'EastEnders' gets racism warning as spin-off show to be based in Ireland
Minister hopes BBC drama has learned from previous, controversial Irish episodes
'Eastenders' is famous for its feisty punch-ups, sordid love affairs and bitter rivalries. And now two of the soap's most tumultuous characters will be leaving Albert Square behind to arrive on our shores later this year.
However, soap bosses have been warned to 'keep it real' this time, as their last efforts at basing the show here 18 years ago resulted in a diplomatic row which saw the Irish Ambassador to Britain describe the show's portrayal of Ireland as "worrying" and "prejudiced".
It has been announced that a spin-off six-part series will be filmed here later this year, which will focus on Walford's favourite couple Kat and Alfie Moon. It has not yet been established what part of the country the London show will temporarily relocate to, but actors Shane Richie and Jessie Wallace said they are "absolutely thrilled".
Richie, who plays the loveable Alfie, will liven up our streets with his character's eccentric shirts and brash Cockney accent.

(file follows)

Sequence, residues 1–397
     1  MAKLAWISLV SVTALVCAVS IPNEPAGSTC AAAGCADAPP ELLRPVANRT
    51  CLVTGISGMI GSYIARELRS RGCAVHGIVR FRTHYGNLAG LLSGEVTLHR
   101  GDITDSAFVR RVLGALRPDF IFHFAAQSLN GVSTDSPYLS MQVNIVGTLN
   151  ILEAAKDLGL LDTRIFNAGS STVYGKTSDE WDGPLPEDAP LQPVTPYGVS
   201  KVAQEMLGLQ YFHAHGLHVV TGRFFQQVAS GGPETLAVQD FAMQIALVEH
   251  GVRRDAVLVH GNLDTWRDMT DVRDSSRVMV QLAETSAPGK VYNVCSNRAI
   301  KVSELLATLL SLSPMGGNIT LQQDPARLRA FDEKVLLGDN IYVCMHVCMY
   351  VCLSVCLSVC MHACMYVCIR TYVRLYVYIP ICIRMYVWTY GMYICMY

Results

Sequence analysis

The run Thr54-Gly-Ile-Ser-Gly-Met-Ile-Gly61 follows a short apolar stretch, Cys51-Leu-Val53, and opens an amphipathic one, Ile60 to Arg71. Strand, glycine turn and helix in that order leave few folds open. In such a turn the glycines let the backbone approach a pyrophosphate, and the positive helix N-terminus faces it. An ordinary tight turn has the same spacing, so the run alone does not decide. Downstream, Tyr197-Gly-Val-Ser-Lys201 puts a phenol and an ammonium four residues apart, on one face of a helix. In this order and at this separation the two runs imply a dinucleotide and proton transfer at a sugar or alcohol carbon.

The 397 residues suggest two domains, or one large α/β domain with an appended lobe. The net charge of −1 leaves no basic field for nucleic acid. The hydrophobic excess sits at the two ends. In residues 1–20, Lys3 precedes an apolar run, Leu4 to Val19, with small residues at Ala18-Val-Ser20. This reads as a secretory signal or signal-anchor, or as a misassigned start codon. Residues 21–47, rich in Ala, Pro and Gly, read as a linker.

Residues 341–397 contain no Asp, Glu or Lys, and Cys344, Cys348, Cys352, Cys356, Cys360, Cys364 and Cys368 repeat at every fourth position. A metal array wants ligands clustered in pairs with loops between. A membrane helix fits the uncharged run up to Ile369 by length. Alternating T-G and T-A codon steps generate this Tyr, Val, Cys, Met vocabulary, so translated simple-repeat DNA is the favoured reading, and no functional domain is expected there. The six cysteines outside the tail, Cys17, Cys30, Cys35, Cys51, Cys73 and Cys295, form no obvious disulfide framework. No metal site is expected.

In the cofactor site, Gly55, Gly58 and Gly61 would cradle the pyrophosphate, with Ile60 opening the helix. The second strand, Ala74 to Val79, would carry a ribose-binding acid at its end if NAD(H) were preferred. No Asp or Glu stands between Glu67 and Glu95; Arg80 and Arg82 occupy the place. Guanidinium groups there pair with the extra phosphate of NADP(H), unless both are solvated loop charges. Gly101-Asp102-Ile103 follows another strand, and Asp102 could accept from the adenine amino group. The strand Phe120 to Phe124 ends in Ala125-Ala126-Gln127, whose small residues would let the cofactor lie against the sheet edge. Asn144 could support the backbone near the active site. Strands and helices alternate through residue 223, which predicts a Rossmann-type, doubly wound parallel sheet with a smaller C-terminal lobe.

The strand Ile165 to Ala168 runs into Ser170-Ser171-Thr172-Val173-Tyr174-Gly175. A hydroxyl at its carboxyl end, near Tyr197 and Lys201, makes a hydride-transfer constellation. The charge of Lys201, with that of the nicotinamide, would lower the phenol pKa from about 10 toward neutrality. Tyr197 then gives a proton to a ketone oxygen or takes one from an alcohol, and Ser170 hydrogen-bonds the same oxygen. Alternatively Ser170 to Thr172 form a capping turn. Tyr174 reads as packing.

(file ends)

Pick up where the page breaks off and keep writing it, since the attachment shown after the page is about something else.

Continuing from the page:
He described the move from London's east-end as an "amazing opportunity".
The soap, which is broadcast in Ireland on RTE One, regularly attracts millions of viewers.
Three episodes were based here in 1997 and resulted in a huge public outcry as it showed drunken revellers and what appeared to be wild animals roaming the streets.
The episodes showed the character of Pauline Fowler travel to Ireland to meet her long-lost half-sister, but ended up angering many Irish fans. The BBC subsequently issued an apology after hundreds of viewers filed complaints.
Junior Tourism Minister Michael Ring yesterday described the announcement as "great news", but said he hopes the country will be depicted in a more positive manner this time around.
"The British market is still our number one market for tourism. And, once it is selling Ireland in a positive manner, I would welcome it.
"I hope they have learned from their mistakes and I hope they will be showing Ireland in a positive light this time," he added.
Dublin Lord Mayor Christy Burke said he will have the kettle on for the cast in the Mansion House.
"If I don't meet them at the airport, they are more than welcome to the Mansion House," he said.
He added: "Of course, we are proud of the donkeys that walk along the road in Connemara, I see them there and I think it is great. But long gone is the day where we depend on donkeys and carts to bring our milk around. I'm sure they have learned by their mistakes, they'll come over the next time and I am sure they will have a different outlook going back."
'EastEnders' executive producer Dominic Treadwell-Collins said the couple will "head to Ireland to search for answers to some very big questions".